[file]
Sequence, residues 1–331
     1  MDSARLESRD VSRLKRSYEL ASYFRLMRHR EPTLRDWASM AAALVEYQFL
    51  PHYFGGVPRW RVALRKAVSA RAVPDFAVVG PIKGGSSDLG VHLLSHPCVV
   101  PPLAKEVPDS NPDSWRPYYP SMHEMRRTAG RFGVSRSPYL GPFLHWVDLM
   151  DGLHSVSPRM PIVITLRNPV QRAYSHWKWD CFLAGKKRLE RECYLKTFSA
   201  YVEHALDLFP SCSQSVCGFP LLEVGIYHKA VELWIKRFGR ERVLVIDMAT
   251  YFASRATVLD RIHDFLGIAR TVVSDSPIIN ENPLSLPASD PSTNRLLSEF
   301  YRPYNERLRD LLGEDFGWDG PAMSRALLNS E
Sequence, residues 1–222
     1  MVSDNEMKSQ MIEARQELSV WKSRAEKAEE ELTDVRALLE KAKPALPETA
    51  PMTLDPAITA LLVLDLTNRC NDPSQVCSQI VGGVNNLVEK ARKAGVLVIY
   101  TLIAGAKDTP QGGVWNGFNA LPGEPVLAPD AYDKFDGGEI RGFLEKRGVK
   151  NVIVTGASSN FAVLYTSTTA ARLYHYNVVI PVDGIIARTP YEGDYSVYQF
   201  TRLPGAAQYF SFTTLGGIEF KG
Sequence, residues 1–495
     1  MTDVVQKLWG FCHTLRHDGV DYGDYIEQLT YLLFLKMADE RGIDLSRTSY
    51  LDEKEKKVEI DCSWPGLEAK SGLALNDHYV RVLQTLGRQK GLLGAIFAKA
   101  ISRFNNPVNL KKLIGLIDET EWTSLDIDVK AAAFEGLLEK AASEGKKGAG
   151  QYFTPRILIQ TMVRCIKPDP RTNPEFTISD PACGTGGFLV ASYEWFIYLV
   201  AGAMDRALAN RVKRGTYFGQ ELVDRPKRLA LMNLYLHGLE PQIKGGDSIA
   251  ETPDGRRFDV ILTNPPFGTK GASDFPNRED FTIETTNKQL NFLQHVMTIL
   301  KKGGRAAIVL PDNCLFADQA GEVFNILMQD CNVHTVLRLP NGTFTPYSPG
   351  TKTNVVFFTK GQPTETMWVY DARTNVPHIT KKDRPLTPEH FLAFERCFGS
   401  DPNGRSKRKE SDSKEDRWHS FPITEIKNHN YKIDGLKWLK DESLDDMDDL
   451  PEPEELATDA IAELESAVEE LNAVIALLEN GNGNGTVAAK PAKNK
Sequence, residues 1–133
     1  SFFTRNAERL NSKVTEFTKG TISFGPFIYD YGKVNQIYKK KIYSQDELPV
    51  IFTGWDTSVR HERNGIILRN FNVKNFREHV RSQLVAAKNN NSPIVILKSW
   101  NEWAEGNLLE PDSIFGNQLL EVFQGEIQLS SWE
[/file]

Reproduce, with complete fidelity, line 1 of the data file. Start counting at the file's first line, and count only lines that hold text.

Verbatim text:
Sequence, residues 1–331